The other Nitish Kumar of Bihar

Story type
Case story
Water Operator
Image: WaterAid/Dhiraj Singh

Everyone in Bihar knows the name, Nitish Kumar. It is of the chief minister of the state. The people of Lodhipur village in the Gaya district, however, know a second Nitish Kumar who also holds a very important portfolio in their lives. That of being the motor operator of the village piped water supply. 

Switching on everyday life 

Only 19, the ‘other’ Nitish Kumar is keenly aware of his responsibilities. “If I don’t do my work, the village will not get any water,” he said. Thrice a day—at six in the morning, at one in the afternoon, and then again at five in the evening—Kumar switches on the motor for an hour, allowing water to gush through the taps of every household, leading to an excited flurry of activities. Pots and pans clank as utensils are washed, mugs of water wash off sweat and grime from bodies, and buckets are filled to be used for cooking and cleaning purposes later. Everyone waits for the ‘operator’ to push on the button of their everyday life. 

When he first started working as the operator of the motor pump four years back, Nitish had no idea his job would be held with such high regard by everyone in the village. Or that people would start sharing their problems and their stories with him. “My father heard from the village mukhiya (village head) about this job, and told me about it. He also said that I would be paid Rs 1000 for the job. So my first reaction was, ‘Why not?’ It’s better than sitting idle at home,” Nitish said.  

Doing his job and more 

Taking up this responsibility meant that the young man’s day became busier. He has to wake up early to switch on the motor for an hour in the morning, then attend classes for two hours, go for extra classes in the afternoon, and keep in mind about the water timings in the afternoon and in the evening. “If there is a power cut during the usual time, I make compensations and switch on the motor later,” Nitish said, “Sometimes, if the villagers have an additional need for water, they ask me and I switch on the motor.” 

Image: WaterAid/Dhiraj Singh

Over time, and amid their little conversations about everyday life, some people started sharing their problems with him too—not always related to water. “They tell me about the difficulties at home or in work. I give everyone a patient hearing,” Nitish said. The Water Management Committee, which comprises members from the community elected by the village, looks into any water-related problem faced by anyone in the village. A model of self-sufficiency, the mini piped water supply system which was initiated here by WaterAid India and its partner NGO, Pragati Gramin Vikas Sansthan (PGVS), encouraged the community to contribute 10 per cent of the installation cost of the project with the aim of building a sense of ownership. After the initial hand-holding, the smooth functioning and maintenance of the MPWS was also handed over to the community—to the water management committee in particular. As part of this, the committee deposited Rs 1000 for maintenance costs; every household contributes Rs 30 every month further towards this corpus. Nitish’s salary comes from this corpus.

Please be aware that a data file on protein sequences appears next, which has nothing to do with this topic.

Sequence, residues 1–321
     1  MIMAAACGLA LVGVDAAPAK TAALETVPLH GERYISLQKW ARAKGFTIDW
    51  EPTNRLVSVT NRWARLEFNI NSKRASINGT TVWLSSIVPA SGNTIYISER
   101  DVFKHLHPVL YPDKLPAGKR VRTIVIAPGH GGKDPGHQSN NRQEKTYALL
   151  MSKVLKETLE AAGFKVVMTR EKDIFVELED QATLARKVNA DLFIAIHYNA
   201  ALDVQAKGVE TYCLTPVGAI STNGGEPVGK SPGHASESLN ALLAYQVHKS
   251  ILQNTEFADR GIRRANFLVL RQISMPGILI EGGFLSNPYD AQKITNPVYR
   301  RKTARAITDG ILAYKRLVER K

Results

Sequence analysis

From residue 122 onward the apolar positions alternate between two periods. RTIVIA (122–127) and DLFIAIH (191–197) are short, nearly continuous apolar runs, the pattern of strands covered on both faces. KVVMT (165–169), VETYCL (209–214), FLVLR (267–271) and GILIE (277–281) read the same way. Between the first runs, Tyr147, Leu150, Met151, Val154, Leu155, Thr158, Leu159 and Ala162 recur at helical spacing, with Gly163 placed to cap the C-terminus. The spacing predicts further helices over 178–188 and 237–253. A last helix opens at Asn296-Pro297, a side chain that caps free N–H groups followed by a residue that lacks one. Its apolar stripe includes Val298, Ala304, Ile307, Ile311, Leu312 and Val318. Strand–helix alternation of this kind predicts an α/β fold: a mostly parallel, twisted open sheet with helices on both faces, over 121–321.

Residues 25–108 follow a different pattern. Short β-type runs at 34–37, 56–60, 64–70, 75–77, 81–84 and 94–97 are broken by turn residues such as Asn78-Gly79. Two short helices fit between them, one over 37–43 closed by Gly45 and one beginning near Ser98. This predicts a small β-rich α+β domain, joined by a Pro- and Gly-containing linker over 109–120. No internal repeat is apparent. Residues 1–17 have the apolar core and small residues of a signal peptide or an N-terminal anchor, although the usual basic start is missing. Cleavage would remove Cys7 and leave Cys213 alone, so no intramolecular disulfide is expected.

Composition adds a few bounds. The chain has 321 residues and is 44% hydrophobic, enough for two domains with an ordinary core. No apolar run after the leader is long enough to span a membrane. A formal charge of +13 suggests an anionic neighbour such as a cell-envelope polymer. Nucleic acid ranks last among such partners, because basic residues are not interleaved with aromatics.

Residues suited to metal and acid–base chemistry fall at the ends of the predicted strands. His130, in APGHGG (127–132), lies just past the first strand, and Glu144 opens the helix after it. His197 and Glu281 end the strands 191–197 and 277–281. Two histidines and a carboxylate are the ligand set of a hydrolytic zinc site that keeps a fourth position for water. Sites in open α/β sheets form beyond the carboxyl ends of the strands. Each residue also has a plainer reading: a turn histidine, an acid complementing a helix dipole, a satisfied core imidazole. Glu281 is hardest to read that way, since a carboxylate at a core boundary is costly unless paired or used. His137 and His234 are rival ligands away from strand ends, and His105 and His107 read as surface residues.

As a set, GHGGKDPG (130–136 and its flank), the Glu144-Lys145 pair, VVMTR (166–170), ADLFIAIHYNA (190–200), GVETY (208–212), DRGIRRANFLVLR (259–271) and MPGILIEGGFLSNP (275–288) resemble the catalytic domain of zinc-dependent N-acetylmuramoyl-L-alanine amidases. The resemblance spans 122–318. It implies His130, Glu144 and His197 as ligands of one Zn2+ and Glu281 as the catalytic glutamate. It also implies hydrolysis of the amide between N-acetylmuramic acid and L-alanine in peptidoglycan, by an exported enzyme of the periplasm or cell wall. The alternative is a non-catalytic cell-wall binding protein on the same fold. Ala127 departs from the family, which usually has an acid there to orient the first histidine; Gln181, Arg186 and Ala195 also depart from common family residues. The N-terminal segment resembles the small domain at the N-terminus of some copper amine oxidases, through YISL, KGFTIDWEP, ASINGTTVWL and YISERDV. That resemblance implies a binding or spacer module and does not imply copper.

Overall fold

“If the motor breaks down or there is any problem, the committee calls for a repairman. But most of the times, I do the repairing myself,” Nitish said. The water is also tested in a nearby-town-lab at regular intervals to guard against any contamination. “When the boring of the well (for the MPWS) was done, the water was tested for purity,” the enthusiastic operator said, “Last it was tested was three months back.” 

So what is his favourite part of his job?  

“Earlier people had great difficulty in getting water and the hand-pump would often break down, particularly in summers,” Nitesh said, “Now all those problems have disappeared. Now when I switch on the motor, water comes right at the doorstep of every home.”